Lately there are moments when my husband looks at me as though the “real” me has been abducted by aliens and he wonders when I’m coming back. Of course, this is pure projection on my part because I’m the one who feels like I’ve been abducted by aliens.
In my youth I spent an inordinate amount of time not wanting to feel like me. This led to self-medicating, which eventually led to IV drug use and addiction. It’s interesting to me that in my personal recovery I was finally grateful to feel like me and found that I could alter my consciousness in positive ways through spending time in nature, having a spiritual practice and even living “off the grid” for three years. This has grown for me in interesting ways — what I’ve chosen to study, my work, my service and my current hobbies all reflect ways that I have shifted my consciousness to appreciate what it feels like to be me.
Why the current alien abduction scenario? I am in the middle of a drug regimen intended to rid me of a virus I picked up many years ago. With four months to go, I am experiencing many “alien” moments that would put my drug years to shame. I just don’t feel like me. And yet in the bigger picture of life, nothing is static, change is a given. And there is truly no going back to before, I can live only in this moment. So how do I shift to being with this new “alien” feeling?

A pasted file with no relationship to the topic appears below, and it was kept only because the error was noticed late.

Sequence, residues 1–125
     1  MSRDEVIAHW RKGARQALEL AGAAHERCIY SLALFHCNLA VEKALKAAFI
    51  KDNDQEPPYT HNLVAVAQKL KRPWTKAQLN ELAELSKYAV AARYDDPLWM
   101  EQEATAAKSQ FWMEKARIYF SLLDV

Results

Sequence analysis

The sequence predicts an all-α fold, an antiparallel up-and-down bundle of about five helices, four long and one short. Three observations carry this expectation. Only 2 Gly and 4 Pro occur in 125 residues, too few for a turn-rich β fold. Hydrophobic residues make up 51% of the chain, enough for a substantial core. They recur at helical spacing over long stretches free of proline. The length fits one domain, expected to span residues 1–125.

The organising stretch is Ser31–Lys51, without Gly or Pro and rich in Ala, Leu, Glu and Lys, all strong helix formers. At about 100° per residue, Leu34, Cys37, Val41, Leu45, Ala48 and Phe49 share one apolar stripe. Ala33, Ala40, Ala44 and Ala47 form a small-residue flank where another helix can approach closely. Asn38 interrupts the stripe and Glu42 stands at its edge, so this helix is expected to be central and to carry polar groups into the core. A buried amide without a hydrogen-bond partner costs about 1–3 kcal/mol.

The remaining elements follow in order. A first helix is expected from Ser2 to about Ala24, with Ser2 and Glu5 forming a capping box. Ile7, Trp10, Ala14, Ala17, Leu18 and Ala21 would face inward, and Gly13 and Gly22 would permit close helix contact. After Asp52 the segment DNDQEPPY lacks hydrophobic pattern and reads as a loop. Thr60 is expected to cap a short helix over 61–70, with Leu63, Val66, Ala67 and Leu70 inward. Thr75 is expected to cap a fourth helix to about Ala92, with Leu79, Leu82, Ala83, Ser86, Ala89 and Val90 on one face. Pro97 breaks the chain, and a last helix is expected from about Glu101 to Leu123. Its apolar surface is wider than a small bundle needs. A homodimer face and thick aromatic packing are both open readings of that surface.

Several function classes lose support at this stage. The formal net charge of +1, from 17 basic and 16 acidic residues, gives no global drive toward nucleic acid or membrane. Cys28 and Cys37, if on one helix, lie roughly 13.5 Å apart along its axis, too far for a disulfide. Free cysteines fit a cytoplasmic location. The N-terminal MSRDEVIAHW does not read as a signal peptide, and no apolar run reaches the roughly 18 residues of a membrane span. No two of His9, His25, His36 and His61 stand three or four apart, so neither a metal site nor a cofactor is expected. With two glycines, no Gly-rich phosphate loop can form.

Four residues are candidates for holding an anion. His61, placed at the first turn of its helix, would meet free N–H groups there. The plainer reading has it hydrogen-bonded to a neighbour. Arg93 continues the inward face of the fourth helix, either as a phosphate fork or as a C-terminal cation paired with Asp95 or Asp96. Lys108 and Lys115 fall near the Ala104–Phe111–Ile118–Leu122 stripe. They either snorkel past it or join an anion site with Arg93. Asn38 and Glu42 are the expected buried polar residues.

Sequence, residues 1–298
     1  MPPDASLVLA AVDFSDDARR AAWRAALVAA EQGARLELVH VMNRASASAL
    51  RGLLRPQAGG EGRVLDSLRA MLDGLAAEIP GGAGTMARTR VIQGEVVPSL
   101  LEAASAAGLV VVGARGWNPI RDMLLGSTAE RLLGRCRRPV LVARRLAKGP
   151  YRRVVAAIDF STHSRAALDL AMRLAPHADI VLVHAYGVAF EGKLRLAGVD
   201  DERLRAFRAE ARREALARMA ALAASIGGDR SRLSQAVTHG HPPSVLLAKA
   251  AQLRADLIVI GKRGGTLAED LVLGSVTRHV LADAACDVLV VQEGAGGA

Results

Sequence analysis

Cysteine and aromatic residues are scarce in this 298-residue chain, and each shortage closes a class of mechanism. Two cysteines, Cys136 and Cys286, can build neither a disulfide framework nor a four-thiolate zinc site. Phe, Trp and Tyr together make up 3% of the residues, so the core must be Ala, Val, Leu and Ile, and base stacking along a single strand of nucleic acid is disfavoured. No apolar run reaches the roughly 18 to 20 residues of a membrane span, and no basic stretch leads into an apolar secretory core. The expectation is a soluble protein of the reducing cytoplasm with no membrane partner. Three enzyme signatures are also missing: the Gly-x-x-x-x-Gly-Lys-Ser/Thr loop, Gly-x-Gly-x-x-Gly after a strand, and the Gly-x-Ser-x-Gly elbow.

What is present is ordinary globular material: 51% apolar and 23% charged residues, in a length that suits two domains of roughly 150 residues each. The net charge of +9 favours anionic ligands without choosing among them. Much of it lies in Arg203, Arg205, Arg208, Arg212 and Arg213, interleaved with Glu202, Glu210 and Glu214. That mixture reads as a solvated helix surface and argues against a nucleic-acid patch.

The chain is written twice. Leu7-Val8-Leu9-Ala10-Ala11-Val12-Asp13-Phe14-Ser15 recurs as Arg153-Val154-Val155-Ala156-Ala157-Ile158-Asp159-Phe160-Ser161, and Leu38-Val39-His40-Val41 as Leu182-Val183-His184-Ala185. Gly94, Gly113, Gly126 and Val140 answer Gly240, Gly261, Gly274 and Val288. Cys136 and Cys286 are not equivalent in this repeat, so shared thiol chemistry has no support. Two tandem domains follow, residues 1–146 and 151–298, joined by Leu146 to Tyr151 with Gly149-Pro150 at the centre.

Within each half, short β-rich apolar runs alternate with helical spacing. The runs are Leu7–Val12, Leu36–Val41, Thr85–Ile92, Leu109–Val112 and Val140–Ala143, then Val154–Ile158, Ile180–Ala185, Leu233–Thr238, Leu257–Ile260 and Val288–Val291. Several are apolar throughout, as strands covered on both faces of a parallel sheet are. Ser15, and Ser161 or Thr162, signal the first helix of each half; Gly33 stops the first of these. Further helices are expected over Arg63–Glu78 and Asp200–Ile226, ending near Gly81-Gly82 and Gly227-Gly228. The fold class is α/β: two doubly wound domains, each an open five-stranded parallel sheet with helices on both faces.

Byron Katie wrote: “Life is simple. Everything happens FOR you, not TO you…You don’t have to like it — it’s just easier if you do.”
When I shift my perspective to life happening FOR me, for my highest good, for my spiritual growth, for my healing, for my best interest and well-being, I embrace exactly what it feels like to be me in any given moment and remind myself that change is constant. I can fight it or I can love it. I can resist it or surrender to the flow.
Where and how are you resisting the flow of your life? What would it feel like to let go? What would it feel like to embrace exactly who you are right now?
Life is an adventure, a magical mystery tour, filled with challenges, loss, joy, love, surprises and miracles. Discover what you can love about even the toughest part of your journey and feel like yourself again.
*I took this photo of my husband, Win, on Algonquin, New York’s second highest peak. Hiking this mountain for a second time was what I desired most on my 53rd birthday — despite the rain and fog. When I look at it now, I realize the “mother ship” was there all along. Beam me up Scotty!